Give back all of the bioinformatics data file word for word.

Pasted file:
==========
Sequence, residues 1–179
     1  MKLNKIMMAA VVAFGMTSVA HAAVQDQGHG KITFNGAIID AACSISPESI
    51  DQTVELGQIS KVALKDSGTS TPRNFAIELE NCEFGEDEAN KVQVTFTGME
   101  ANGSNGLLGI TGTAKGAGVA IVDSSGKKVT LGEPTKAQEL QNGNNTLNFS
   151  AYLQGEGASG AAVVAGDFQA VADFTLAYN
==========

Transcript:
Sequence, residues 1–179
     1  MKLNKIMMAA VVAFGMTSVA HAAVQDQGHG KITFNGAIID AACSISPESI
    51  DQTVELGQIS KVALKDSGTS TPRNFAIELE NCEFGEDEAN KVQVTFTGME
   101  ANGSNGLLGI TGTAKGAGVA IVDSSGKKVT LGEPTKAQEL QNGNNTLNFS
   151  AYLQGEGASG AAVVAGDFQA VADFTLAYN